ASSOCIATES (vol. 1, no. 1, July 1994) -

Table of Contents

	      Starting Your Own Business For Profit
			 Larry J. Atlow
		      Microcomputer Analyst
	       University of Southern Mississippi
When I started at the University as a Librarian Assistant, I was
working three jobs.  On nights and weekends, I worked in a
theater and as a cashier in a convenience store.  At that time, I
had a relatively good income.  From the start of this job, I
diverted 10% of my gross pay to a credit union account for
emergencies.  I had enough money left over at the end of the
month to help my father with his medical expenses.
I didn't have an extravagant lifestyle.  I had three roommates to
reduce my living expenses.  I rode a bicycle because I couldn't
afford the upkeep on a car.  My only indulgence was to expand my
wardrobe for my new work environment.  However, even with annual
raises, within four years my expenses rose to meet my income, and
then my father had a heart attack.  It depleted my savings and
suddenly I was getting calls from my creditors about missed
payments.  I am still paying for the time I spent with the family
during my father's recuperation.  I couldn't seem to get back to
even, much less be ahead of the game again.
I realized that inflation was consuming my income.  I was also
starting to wonder how secure my employment situation was because
I have seen increasing numbers of people I know get pink slips
from the places they work for; some with more than a decade of
service.  Also, in a organization/time management seminar that
the library sent me to, the presenter made two things abundantly
     1.  Businesses today are moving away from long term
employment and more to temporary help and limited contract
employment periods.  This is because benefit packages and
retirement plans cost money that they don't have in these
downsizing times.  They look for ways to get rid of the higher
paid staff for lower paid newcomers and temps.
     2. If you don't improve yourself personally and
professionally, you won't get ahead.  Not only that, you won't
even be able to hold your present position.  If you are not
improving your business worth, you are falling behind.  I have
seen this borne out in news stories, magazine articles and
acquaintance with people it has happened to.
     3.  NOBODY is immune to 1 and 2.  As a state employee, I am
paying more and getting a reduced level of 'benefits' compared to
five years ago (e.g. my employee health insurance costs more and
my deductible is larger over that time period).  In another
seminar, a CPA put it into sharper focus -- You look at your
paycheck as income.  Your employer (in my case, the State) sees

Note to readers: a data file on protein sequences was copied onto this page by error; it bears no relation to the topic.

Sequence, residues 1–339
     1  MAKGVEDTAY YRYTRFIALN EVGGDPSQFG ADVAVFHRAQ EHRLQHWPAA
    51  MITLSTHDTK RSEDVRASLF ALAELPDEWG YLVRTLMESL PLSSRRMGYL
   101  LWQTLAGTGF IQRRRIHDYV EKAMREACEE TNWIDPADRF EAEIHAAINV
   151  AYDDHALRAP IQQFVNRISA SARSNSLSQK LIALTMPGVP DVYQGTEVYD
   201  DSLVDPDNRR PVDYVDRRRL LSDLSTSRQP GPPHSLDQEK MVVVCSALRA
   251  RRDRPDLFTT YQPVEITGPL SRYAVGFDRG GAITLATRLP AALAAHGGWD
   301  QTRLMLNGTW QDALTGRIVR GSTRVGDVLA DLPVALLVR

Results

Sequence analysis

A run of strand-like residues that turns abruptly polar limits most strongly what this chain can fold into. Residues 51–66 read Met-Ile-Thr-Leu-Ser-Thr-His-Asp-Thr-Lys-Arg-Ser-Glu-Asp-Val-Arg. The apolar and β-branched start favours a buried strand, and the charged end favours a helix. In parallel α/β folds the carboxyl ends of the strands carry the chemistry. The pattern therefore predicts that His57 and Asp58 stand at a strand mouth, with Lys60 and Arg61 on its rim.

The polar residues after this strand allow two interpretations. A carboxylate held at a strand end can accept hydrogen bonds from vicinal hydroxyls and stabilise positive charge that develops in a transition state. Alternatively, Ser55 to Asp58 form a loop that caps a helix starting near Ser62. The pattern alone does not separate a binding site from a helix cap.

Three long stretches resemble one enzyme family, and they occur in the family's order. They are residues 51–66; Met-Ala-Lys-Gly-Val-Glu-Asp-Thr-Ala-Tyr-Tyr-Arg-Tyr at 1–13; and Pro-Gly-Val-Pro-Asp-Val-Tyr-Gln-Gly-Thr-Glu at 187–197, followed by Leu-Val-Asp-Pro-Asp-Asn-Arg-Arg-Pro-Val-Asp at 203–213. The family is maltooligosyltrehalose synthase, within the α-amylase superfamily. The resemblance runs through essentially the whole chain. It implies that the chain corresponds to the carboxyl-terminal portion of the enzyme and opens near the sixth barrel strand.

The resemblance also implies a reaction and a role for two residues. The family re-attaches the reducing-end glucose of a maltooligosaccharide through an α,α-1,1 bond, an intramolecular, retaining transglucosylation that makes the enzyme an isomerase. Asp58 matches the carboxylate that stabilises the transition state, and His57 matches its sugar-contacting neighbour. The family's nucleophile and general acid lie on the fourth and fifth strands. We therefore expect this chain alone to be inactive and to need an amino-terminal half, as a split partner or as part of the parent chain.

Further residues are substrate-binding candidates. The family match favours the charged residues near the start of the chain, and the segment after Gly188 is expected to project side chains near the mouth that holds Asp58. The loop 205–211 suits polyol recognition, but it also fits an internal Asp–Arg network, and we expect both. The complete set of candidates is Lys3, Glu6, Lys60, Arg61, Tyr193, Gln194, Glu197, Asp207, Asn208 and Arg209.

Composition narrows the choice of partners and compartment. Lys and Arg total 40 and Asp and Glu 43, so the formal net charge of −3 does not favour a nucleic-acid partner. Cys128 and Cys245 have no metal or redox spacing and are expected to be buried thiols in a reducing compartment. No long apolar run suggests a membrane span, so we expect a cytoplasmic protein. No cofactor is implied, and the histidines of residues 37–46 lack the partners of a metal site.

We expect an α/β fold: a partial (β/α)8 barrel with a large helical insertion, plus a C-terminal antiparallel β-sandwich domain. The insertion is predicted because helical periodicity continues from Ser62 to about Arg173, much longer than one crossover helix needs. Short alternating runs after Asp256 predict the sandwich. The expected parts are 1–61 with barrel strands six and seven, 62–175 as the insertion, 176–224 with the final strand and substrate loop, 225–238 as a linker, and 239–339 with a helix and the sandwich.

it as an expense.  A business tries to minimize expenses and
maximize profits. It's all a matter of perspective.
I just received a scheduled raise for this year.  I got a
position upgrade in February.  I have been doing the work
acknowledged by the upgrade for at least a year, but neither took
effect until July 1.  As a sidelight, job levels here have a cap
based on education.  I am at the maximum pay level I can
achieve without a degree.  A degree will have no effect on the
job I do, but it is worth more than my knowledge or experience,
even if my job becomes complicated to the point where a
replacement would require a degree and I learn it (or create it)
on the job.  A new person with no experience and a degree could
make more money to start than I can without one.  I will be
receiving a degree in Psychology soon which will remove this
barrier, but what does a Psychology degree have to do with
repairing hard drives?
I have been taking tutoring and consulting jobs for a couple of
years, but doing most of it for free.  I felt guilty about
charging people for things that were simple to me.  I have been
forced to accept payment on several occasions.  People were
willing to pay, because what I considered simple, they considered
invaluable.  I could do for them what they couldn't do for
themselves.  I had never seen it from the customer's perspective
before.  I could remember times when I was willing to pay TWICE
the asking price for a service or product I NEEDED at the time
and still considered it a bargain.  I didn't advertise for
clients because referrals brought them to me.  I didn't
even have business cards.  However, while it gave me a little
extra cash, it didn't give me a steady income.  To guarantee that
steady income, I figured I'd have to spend lots of money and all
of my free time doing this.  In addition, commercial customers
would expect me to be available during the business day, which
was impossible.  I didn't know what to do.
I was looking for a way to supplement my library income.  There
was no way that I was going to earn enough from my day job to
cover my living expenses, pay off my debts and put away anything
for those unexpected expenses that occur in everybody's lives.
Saving for or investing for retirement was out of the question.
About once a year, the university holds a financial planning
seminar for faculty and staff to offer them ideas and options for
retirement planning and investment opportunities.  This year, we
had representatives from TIAA/CREF and the Social Security
Administration.  The SSA scared me.  They warn people not to
depend on Social Security benefits for retirement.  It is
only supposed to cover about 40% of retirement income.  Some
benefits that I am not eligible for, I can BUY from the SSA like
any other insurance.  In a report from this agency a while back,
they said that by age 65, 98% of working Americans could not